Spanish lynx settles in at breeding facility in Portugal
First Lynx settles in Silves’ reproduction centre
The first of 16 Iberian Lynxes that will arrive at the centre over the coming weeks was welcomed at the purpose-built facilities earlier this week, having travelled from a zoo in Jerez de la Frontera, Spain.
It was released with in the 100,000 square-metre centre, which is much larger than the pen it was living in, weeks ahead of its counterparts and accompanied by a vet.
Named Azahar, the five-year-old female Iberian Lynx travelled alone inside a box and was constantly monitored by a veterinary.
On being released in to her new home in Silves, the animal appeared to be slightly nervous and apprehensive.
She has been living in captivity at Jerez de la Frontera’s zoo for the past three years and was transferred to the reproduction centre in Silves under a protocol signed between the two countries in an attempt to boost the dwindling Iberian Lynx population.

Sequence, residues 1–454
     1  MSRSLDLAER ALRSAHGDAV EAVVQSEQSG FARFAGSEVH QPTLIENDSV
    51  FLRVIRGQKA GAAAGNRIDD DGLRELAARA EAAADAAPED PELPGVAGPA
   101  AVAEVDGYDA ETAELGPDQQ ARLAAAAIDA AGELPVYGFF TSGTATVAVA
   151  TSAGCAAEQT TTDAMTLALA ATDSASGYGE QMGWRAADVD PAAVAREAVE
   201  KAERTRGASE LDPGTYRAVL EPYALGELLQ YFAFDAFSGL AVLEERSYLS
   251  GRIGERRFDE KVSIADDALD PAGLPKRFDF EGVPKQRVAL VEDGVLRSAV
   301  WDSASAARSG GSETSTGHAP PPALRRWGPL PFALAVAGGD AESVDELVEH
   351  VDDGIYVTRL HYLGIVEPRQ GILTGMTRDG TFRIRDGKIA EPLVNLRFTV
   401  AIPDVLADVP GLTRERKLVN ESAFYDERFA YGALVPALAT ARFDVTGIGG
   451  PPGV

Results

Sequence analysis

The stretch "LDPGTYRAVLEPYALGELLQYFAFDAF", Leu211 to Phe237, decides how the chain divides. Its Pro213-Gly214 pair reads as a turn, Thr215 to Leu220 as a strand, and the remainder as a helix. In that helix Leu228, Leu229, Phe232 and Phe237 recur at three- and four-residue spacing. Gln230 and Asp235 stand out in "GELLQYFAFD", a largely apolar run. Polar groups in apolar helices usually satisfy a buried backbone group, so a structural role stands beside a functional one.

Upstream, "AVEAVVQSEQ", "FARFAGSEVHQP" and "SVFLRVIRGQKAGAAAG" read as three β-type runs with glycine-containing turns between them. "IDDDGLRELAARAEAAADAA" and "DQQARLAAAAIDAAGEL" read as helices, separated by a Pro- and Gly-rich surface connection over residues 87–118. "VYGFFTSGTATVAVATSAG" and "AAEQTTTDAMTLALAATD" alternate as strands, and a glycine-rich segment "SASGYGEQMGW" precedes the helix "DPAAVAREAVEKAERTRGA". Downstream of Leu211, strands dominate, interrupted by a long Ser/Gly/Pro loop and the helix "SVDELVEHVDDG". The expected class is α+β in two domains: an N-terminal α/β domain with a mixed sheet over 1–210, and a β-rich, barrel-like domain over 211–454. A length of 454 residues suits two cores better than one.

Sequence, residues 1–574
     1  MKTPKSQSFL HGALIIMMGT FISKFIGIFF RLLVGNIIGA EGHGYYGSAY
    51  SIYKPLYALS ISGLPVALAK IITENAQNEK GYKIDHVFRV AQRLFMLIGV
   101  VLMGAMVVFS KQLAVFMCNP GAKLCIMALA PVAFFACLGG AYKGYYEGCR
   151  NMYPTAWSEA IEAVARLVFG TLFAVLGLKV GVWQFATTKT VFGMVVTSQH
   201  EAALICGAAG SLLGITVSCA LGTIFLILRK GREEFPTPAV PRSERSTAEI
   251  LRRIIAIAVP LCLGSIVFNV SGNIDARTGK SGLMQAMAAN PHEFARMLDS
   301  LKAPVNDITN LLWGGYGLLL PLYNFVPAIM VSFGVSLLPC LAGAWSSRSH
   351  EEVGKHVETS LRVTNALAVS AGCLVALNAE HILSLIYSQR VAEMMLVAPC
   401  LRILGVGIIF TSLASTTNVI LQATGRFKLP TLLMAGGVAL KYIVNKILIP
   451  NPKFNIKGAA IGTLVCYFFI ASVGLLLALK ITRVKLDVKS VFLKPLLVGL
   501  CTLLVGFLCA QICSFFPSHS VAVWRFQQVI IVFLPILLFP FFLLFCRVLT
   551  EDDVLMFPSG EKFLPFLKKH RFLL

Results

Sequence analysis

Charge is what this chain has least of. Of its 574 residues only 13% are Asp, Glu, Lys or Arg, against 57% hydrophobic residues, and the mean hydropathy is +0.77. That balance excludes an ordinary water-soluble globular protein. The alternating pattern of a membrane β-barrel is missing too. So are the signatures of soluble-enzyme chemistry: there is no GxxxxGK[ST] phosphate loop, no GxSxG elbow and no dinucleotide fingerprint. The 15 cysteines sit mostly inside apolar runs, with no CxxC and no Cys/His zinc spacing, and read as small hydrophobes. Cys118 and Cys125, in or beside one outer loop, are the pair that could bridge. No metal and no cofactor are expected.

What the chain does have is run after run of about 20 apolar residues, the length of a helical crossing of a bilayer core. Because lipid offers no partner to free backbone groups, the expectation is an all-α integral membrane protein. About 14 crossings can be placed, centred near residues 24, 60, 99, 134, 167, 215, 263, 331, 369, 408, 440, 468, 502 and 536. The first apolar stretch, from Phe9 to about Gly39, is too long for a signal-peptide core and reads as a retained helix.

The protocol, signed between the Environmental Ministers of Spain and Portugal, in 2007, aims to preserve animal species that are on the brink of extinction.
Azahar was captured when she was two years of age, in January 2006, in Sierra Morena (Andalusia).
She was taken into captivity after being taped by CCTV cameras and appeared to be very thin and had a bump on her back.
The lynx was x-rayed and was found to be suffering from a broken vertebra.
Learn more about big cats and Big Cat Rescue at http://wbigcatrescue.org